Posts tagged with: layoffs

How not to handle mass layoffs

The publishing where I work on a full-time/part-time basis laid off nine employees last week. That may not seem like a lot when compared to the massive layoffs taking place across the country. But in our fairly small office, it’s made a significant dent in the size of our workforce.

The higher-ups at my company make a lot of questionable decisions. They ended the layoff drama with yet another.

Before announcing the layoffs, management called workers into one of two conference rooms. One was the lucky room, the one where the people who weren’t fired went. The other, of course, was the unlucky one.

After management broke the news, the folks from the lucky conference room started heading back to their desks. That’s when they were stopped. More management people told them to leave their floor until the people who were fired could pack up their things and get out.

This, of course, prevented employees who in many cases had worked with each other for 10 years or more from saying an official “goodbye.” And it was all done to avoid any possible emotional scenes.

Here’s some news for management: When you fire employees, people are going to get emotional. You can’t just pretend that the axed workers never existed. Management, probably out of their own guilt for not firing the right (read, the salespeople who let everything fall apart in the first place) people, wanted the job cuts to happen quickly and painlessly.

Well, there’s nothing painless about job cuts. And thank goodness for that. Sometimes I think it’s the only thing preventing management from making even more callous decisions than it aleady makes.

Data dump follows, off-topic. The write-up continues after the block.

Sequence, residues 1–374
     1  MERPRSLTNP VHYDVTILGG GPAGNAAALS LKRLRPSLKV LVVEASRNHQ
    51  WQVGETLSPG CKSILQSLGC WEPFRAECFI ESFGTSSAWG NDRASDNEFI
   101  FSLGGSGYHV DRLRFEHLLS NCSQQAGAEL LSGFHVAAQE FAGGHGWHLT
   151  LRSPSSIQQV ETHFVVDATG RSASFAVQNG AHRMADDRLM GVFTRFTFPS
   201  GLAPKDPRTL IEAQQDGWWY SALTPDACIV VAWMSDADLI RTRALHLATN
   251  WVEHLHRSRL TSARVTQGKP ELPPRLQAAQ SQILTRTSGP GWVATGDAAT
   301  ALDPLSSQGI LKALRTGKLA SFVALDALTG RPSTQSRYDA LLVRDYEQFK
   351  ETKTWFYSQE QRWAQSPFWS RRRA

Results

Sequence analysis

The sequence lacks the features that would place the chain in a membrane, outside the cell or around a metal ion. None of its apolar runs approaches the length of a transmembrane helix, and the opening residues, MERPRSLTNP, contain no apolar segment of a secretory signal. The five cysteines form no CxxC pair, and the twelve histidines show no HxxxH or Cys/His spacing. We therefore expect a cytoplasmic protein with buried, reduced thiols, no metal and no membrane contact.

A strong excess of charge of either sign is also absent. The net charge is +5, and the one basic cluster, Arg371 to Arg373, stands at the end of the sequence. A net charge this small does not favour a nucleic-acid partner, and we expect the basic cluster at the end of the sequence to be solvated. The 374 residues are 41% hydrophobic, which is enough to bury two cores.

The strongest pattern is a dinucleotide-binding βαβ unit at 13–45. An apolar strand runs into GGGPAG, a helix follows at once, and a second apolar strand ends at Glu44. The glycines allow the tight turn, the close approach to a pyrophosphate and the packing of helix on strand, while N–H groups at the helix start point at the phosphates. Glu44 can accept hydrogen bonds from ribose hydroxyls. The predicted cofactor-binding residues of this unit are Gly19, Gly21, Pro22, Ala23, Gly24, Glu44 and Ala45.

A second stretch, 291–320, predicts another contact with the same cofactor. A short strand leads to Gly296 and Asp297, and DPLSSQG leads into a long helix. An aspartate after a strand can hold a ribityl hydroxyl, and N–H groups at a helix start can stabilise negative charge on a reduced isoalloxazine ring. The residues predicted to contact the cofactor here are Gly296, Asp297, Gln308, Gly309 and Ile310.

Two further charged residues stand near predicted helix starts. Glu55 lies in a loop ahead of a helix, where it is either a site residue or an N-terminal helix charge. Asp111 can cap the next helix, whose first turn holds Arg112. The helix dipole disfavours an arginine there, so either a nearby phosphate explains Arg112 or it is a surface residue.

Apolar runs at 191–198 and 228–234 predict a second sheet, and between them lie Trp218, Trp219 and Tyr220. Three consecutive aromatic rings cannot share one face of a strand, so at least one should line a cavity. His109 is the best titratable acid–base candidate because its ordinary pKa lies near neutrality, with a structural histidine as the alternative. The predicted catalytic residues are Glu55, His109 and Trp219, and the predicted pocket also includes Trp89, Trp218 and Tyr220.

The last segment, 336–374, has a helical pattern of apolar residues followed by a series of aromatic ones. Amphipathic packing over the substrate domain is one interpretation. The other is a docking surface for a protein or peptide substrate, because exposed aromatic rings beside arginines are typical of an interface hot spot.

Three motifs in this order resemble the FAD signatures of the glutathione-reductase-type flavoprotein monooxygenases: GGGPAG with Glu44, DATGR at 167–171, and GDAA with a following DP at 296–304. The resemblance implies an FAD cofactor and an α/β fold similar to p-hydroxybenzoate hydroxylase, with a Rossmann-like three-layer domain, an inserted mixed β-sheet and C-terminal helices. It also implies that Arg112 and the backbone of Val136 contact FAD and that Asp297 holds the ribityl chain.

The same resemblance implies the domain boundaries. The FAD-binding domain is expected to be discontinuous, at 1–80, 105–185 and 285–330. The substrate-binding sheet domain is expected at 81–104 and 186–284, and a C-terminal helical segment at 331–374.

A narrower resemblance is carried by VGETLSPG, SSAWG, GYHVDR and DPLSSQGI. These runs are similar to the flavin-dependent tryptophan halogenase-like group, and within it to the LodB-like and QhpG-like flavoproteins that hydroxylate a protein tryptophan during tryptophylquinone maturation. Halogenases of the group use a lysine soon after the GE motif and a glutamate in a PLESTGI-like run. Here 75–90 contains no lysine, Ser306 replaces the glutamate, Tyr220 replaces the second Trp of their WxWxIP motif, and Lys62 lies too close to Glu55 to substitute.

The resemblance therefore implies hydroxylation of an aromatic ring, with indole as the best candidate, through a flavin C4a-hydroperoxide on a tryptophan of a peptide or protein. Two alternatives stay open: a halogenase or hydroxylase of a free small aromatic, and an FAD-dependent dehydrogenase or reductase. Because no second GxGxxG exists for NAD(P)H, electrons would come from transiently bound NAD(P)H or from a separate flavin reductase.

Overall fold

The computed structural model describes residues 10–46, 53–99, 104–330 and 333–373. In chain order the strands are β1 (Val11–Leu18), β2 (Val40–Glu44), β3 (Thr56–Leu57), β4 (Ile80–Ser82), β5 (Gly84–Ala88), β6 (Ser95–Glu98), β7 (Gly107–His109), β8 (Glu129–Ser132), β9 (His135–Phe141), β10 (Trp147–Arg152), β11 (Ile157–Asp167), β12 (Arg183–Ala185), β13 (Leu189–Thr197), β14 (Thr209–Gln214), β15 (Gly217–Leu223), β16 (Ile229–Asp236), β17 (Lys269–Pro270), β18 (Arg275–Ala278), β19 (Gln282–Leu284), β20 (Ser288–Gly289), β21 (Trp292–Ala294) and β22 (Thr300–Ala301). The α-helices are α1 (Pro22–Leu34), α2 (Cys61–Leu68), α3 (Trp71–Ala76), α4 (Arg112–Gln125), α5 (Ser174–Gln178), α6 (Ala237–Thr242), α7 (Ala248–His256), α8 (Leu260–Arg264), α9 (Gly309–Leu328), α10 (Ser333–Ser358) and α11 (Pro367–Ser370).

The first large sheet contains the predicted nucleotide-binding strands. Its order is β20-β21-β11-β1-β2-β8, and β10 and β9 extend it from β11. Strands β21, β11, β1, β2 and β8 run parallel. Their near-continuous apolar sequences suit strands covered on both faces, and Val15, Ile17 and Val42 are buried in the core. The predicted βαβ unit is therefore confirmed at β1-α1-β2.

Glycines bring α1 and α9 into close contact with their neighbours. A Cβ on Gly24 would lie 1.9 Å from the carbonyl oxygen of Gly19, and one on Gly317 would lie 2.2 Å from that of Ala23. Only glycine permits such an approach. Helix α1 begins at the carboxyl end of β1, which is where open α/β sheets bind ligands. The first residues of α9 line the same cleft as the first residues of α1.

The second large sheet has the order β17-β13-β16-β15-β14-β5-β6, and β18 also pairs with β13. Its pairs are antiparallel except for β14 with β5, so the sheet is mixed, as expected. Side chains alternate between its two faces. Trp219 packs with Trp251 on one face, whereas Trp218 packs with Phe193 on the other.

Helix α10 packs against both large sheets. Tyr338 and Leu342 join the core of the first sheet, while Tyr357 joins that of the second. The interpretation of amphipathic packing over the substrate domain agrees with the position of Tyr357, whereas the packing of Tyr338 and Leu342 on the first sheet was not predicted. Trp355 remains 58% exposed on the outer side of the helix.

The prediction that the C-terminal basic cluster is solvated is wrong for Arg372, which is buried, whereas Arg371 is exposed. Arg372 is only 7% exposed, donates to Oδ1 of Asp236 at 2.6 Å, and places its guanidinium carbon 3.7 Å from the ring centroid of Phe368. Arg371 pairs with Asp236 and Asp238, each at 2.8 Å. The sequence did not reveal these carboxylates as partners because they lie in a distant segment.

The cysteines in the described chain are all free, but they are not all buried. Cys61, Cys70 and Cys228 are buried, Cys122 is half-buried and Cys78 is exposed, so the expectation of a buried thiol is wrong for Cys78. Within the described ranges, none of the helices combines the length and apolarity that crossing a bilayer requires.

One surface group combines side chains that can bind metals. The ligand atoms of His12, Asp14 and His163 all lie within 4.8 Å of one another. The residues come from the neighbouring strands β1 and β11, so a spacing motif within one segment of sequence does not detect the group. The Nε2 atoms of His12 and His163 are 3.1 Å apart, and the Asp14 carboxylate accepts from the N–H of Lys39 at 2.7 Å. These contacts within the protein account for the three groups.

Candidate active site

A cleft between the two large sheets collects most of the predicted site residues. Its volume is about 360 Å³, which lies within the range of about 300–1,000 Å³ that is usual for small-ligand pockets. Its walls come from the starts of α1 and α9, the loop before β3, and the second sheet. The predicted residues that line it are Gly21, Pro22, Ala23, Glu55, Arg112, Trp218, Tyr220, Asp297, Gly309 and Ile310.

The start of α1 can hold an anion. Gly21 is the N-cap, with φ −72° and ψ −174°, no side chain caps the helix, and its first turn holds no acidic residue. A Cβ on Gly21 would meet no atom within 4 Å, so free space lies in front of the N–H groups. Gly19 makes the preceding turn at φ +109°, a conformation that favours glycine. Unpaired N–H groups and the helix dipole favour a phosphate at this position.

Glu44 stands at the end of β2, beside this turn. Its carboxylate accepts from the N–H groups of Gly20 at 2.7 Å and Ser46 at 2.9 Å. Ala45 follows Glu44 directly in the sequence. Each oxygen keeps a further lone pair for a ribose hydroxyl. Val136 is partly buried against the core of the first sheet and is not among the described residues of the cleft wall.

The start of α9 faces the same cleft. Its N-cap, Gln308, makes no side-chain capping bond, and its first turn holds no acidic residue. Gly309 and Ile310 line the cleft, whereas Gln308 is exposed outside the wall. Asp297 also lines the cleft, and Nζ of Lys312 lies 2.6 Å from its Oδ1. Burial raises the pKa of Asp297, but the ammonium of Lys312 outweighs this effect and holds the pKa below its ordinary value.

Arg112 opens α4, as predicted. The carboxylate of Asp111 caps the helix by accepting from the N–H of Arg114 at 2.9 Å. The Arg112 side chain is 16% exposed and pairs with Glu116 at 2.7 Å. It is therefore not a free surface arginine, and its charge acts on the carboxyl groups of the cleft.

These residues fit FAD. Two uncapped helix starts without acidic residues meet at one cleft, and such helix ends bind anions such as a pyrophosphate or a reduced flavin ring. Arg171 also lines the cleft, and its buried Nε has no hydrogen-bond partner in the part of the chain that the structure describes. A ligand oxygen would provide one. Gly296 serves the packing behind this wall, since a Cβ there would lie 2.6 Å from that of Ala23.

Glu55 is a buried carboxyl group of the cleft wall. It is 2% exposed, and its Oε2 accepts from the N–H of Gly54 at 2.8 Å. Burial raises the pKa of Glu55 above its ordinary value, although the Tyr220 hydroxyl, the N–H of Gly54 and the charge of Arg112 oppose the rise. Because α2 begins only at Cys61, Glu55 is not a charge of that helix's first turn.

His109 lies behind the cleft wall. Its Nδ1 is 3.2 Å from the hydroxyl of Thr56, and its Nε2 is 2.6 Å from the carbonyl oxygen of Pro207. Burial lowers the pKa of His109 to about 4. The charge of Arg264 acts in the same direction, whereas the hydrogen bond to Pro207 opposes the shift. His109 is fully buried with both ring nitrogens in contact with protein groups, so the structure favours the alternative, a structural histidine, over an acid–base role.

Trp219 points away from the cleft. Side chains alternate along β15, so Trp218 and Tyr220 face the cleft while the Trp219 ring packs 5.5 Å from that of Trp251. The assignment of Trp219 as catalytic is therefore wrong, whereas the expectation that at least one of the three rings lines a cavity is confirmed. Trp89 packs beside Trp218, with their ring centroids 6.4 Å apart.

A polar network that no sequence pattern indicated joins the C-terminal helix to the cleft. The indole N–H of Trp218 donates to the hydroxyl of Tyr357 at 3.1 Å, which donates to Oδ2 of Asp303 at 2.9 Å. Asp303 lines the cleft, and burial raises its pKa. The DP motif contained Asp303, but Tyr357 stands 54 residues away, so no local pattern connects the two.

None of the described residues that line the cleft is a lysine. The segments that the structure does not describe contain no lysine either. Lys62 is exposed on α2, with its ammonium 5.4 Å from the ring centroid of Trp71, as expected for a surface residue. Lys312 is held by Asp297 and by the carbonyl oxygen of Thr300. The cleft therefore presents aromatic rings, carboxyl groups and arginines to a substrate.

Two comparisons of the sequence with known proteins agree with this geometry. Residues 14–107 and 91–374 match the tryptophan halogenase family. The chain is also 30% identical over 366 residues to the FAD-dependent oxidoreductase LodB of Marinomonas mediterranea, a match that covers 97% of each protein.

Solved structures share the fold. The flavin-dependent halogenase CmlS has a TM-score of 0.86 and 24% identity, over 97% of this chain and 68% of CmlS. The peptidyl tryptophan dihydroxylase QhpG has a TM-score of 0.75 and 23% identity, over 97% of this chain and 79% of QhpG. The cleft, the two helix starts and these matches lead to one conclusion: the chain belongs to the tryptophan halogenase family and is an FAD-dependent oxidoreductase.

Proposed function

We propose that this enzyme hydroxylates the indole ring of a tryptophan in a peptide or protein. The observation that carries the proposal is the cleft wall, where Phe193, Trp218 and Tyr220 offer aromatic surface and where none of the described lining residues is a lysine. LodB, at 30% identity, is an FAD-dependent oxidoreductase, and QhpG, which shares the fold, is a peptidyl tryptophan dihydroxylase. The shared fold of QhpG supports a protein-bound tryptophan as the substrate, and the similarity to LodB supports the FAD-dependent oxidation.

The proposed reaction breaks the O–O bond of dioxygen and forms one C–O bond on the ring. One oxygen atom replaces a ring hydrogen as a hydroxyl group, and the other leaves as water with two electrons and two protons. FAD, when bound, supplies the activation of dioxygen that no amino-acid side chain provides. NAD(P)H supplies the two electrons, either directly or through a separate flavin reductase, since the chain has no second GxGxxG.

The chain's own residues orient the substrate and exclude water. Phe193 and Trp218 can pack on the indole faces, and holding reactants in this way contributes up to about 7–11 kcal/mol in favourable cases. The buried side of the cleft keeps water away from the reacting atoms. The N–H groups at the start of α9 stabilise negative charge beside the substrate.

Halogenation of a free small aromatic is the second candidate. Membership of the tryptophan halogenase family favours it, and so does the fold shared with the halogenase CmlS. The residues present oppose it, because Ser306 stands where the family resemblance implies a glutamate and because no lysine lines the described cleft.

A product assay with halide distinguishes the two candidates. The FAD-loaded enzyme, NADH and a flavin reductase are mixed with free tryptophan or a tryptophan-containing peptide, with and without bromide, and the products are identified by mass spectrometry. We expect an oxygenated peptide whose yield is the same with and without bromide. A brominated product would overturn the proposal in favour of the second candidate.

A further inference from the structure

Your office is not a home. Keep the personal stuff away

Last year, I brought my two sons to the publishing office where I work a full-time/part-time job. It was the first time either of them had been there, and upon seeing my rather spartan desk, my older son — he was 9 at the time — asked me why I didn’t have any pictures of him or his brother at my desk.

At the time, I told him that I’m not here all that much — I only go to the office one day a week, and work from home the others — so I didn’t need to fill my space with photos.

But there’s another reason: No office is home. And I don’t want to treat it like it  is.

I was reminded of this yesterday. Like all publishers, the company where I work is struggling these days. To make ends meet, the company fired several employees. That’s always painful. It’s even more awkward when the fired employees are back at their desks, packing up their personal items.

If I ever get fired? I’ll walk out the door without hesitation. I don’t have any personal items at my desk.

The ax fell at work today

I just got off a conference call this morning with the powers-that-be at the publishing company where I work on a full-time/part-time basis. Like all publishers, this company, which covers real estate news, is struggling. So this morning, the company had its first round of firings.

I survived the cut. That’s the good news. The bad news, of course, is that some very talented people are out on the streets now. And finding a job at magazines or newspapers is not exactly an easy task these days.

At the same time, our now reduced editorial staff will be working harder for no extra money. I hate doing extra work with no corresponding extra pay. However, I feel that complaining about that now would seem insensitive since I’m still employed and so many others are not.

The bosses handling the firings, of course, did their usual stumblebum act. At one point, one of the bosses mentioned that these moves might increase camaraderie at our company. Yes, there’s no better way to increase camaraderie than by firing a boatload of employees.